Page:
UK ABWR executives chart path ahead for Horizon

15 December 2017

Successful completion of the Generic Design Assessment (GDA) process for Hitachi-GE's UK Advanced Boiling Water Reactor (UK ABWR) is a "huge step forward" for Hitachi's UK subsidiary Horizon Nuclear Power, two senior executives said this week.

Hitachi-GE Regulatory Advisor Dave Watson and Horizon Technical Director Mark Lunn spoke to World Nuclear News as the Office for Nuclear Regulation (ONR) and the Environment Agency and Natural Resources Wales announced yesterday they had awarded the UK ABWR a Design Acceptance Confirmation (DAC) and a Statement of Design Acceptability (SoDA).

Lunn said: "It's a huge step forwards for us with the project because it shows an ability to deliver to schedule. The number of the assessment findings that we'd consider to be technically challenging is also significantly lower than what previous GDAs have seen. That shows how mature the ABWR design is and so this will show the market what a good product we have in the ABWR. To achieve a clean DAC with minimal assessment findings is a testament to the quality of the design that we have."

Straight to full DAC

Hitachi-GE is the third company to complete the GDA process, which it began in April 2013. The first reactor design to receive a DAC and SoDA was Areva's European Pressurised Reactor in December 2012. This was followed by the Westinghouse AP1000 in March this year. The Hualong One design that General Nuclear Services - a subsidiary of EDF and China General Nuclear - began the GDA process in January.

Watson highlighted that Hitachi-GE is the only company to date that did not require an interim DAC and interim SoDA stage during the GDA process, thanks to regulatory confidence in the reactor design and the company's approach to its GDA application.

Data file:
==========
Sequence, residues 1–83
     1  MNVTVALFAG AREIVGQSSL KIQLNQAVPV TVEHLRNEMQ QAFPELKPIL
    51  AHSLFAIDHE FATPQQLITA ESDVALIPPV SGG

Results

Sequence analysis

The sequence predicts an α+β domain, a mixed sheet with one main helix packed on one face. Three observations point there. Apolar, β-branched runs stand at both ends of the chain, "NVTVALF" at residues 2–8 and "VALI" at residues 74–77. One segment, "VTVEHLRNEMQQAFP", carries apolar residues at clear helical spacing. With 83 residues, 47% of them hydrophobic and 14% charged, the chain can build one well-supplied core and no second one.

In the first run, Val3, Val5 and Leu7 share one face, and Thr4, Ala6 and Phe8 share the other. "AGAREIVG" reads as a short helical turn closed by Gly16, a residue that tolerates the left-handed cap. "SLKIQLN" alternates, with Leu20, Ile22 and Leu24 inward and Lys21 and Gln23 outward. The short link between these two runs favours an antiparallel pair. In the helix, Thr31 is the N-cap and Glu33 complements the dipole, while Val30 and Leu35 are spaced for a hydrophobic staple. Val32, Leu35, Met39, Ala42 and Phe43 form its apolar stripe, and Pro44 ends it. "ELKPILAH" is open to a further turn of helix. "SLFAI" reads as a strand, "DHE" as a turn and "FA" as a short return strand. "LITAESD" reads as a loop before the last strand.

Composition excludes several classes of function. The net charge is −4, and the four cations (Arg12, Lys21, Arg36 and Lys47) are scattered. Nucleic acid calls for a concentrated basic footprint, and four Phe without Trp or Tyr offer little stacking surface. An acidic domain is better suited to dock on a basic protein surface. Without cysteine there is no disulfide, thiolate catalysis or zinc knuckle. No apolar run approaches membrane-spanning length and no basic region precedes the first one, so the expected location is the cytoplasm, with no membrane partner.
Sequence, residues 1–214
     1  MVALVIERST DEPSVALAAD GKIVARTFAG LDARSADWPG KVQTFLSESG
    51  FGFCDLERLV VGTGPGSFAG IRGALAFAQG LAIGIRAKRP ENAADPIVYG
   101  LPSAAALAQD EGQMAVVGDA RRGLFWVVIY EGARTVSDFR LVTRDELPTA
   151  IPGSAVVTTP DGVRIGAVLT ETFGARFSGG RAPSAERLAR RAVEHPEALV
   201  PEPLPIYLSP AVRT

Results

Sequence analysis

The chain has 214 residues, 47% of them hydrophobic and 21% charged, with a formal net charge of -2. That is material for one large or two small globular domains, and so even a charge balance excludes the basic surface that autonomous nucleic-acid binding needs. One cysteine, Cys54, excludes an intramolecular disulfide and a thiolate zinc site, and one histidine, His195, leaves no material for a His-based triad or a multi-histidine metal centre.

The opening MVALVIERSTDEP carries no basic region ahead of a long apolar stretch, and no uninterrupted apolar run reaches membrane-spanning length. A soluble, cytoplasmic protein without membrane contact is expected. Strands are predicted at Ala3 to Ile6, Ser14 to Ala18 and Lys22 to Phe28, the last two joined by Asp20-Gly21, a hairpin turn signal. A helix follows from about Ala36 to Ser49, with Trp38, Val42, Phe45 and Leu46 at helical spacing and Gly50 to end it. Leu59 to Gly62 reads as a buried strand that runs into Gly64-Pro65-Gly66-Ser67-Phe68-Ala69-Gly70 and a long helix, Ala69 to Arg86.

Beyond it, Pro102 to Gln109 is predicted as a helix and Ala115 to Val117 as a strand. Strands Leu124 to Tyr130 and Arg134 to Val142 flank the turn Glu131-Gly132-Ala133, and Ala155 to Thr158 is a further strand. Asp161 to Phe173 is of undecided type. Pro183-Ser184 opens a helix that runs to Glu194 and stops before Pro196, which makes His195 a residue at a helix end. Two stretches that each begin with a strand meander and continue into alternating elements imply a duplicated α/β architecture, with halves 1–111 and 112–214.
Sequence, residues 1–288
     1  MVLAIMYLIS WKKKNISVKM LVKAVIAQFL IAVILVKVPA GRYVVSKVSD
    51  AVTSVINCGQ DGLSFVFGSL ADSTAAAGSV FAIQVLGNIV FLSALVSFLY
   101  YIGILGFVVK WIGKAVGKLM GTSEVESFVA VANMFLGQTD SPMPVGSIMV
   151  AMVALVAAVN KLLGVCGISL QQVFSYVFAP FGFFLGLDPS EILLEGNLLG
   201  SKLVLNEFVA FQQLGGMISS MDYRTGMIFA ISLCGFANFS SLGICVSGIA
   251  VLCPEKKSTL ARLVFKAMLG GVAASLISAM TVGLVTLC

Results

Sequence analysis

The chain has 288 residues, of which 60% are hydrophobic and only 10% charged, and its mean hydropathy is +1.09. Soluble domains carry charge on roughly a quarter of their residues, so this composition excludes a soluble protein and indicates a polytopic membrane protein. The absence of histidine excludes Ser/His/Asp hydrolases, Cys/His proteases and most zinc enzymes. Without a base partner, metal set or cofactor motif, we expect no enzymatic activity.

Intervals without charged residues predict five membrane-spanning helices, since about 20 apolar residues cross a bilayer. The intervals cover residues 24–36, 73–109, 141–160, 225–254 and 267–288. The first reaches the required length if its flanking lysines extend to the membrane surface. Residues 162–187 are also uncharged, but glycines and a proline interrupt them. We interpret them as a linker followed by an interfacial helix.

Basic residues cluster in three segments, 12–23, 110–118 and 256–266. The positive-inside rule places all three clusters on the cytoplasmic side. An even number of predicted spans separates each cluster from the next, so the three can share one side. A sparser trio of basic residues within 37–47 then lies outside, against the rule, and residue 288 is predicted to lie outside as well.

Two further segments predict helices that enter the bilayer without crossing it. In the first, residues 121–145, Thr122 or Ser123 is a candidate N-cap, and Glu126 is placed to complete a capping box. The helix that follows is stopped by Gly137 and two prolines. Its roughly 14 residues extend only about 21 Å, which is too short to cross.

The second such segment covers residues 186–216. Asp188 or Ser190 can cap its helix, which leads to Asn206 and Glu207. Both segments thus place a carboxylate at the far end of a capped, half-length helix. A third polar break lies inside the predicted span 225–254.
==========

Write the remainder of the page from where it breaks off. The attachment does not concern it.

He said: "What a significant achievement it is to have completed GDA and to get the regulatory approvals on schedule and as planned. It's the third reactor to achieve GDA and the first one to have achieved it straight to a full DAC and SoDA, without the interim stage, which demonstrates that the regulator has confidence in the ABWR design for the UK. It brings the reality of a nuclear power plant in the UK one step closer which will create thousands of jobs in north Wales, where it will produce enough electricity for five million homes. It is a huge step for Hitachi globally and also for Wylfa Newydd in particular."

GDA is "clearly the critical milestone" for the UK ABWR this year, Lunn said.

"The next major milestone will be the submission of the development consent order applications. We have already made the EPRSR [environmental permit radioactive substances regulation] application this year. We also have in parallel the Article 37 and Article 41 terminations, which are part of the Euratom Treaty submissions that the government makes to support the DCO [development consent order]," he said.